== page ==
Friday, December 31, 2010
Deep Blue Sea
I’ve been afraid of sharks ever since I watched Jaws, but it took a less well known work of Peter Benchley’s – a short story called The Day The Sharks Died – to make me fascinated by them. Now I’m convinced that sharks get a far worse rap than they deserve.
And nowhere is this more obvious than in the film Deep Blue Sea, though to be fair, nearly everyone in it is a nonentity or a caricature. The sharks just get treated the same way as the rest of the characters, that’s all.
But to start at the beginning, the premise of this film is that a scientist, Dr. Susan McAlester, is extracting serum from mako sharks’ brains to cure Alzheimer’s. As scientists always do in bad horror movies, though, she can’t leave well enough alone and so she genetically engineers sharks with bigger brains that produce more serum.
All together now : “She tampered in God’s domain.”
Naturally, that makes the sharks superintelligent and the scientist considerably less so. Seriously, who would do this without building in some kind of failsafe mechanism, like the dinosaurs in Jurassic Park all being female and lysine-deficient?
I did like Aquatica, the research facility out in the midst of the ocean. Communications tower, undersea labs, a huge pool for the sharks, security cameras, crawlways and so on… this place could have been used to tell a much better story.
This one, though, is dead in the water. Take the sharks, another CGI creation that had the potential to be far more. In Jaws, one ordinary shark was enough. This film multiplies that by three and makes them superintelligent too. One shark causes a helicopter to crash, while another turns on an oven when the cook is hiding inside (one of the few good scenes). And while they don’t yet understand the concept of electricity, they’re real good at playing keepaway.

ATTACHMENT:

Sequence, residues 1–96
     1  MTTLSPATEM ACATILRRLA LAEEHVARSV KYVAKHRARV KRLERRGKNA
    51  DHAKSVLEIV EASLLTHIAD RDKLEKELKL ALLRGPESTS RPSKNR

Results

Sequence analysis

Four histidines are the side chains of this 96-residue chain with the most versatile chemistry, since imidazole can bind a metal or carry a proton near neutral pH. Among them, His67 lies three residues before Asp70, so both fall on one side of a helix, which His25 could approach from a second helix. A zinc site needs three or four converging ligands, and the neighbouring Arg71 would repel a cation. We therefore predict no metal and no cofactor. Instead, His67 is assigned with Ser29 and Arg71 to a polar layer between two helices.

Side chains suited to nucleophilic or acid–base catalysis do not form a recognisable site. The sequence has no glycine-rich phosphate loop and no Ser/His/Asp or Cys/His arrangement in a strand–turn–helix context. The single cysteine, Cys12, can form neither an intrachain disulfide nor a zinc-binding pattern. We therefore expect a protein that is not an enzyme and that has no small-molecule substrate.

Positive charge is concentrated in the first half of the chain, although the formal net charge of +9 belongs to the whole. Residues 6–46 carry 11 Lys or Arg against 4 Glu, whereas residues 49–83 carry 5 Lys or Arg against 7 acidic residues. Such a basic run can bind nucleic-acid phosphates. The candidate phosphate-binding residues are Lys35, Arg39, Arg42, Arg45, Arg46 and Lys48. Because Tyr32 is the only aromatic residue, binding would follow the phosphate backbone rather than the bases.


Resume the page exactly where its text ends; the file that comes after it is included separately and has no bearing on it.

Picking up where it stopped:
But even their murderous nature is a predictable trope. Why is it that any time an animal becomes intelligent, that flips a switch to either HELP HUMANS (if the animal is a dog or a dolphin) or KILL HUMANS (if the animal is anything else)? The sharks would have been so much more fascinating if they had had their own non-human-focused agenda – or if escape was more important to them than swimming into narrow little corridors looking for humans to eat.
Ah, the corridor scenes. Yes, it’s very suspenseful when you’re wading through waist-deep water in a long corridor, and you look back to see a fin rippling towards you.
Of course, then you wonder just how tiny this shark is, if it’s perfectly at home in water that’s three feet deep – not to mention filthy and full of floating or submerged debris. There was probably a reason that the Jaws attacks took place in the ocean, rather than in, say, a swimming pool.
Finally there’s the heroine. Other than the stereotype of the mad scientist, she has so little personality and affect that she seems in need of that magically fast-acting brain juice herself. And since she caused the whole mess, I expected her to be eaten by the sharks, but she survives until the end and then sacrifices herself in a completely needless gesture. If the last surviving shark will abandon its plans of escape and race back into danger the moment it smells her blood (so much for superintelligence), why does she need to cut herself and leap into the water? She could have held her cut hand over the edge and pushed a heavy piece of debris in.
But by then the audience was probably sick of her. The two surviving characters certainly were – a few minutes later, after the last shark audibly chomps her and dies, they lie back and chuckle in relief. I know how you feel, guys. The appearance of the closing credits was the best part of this film.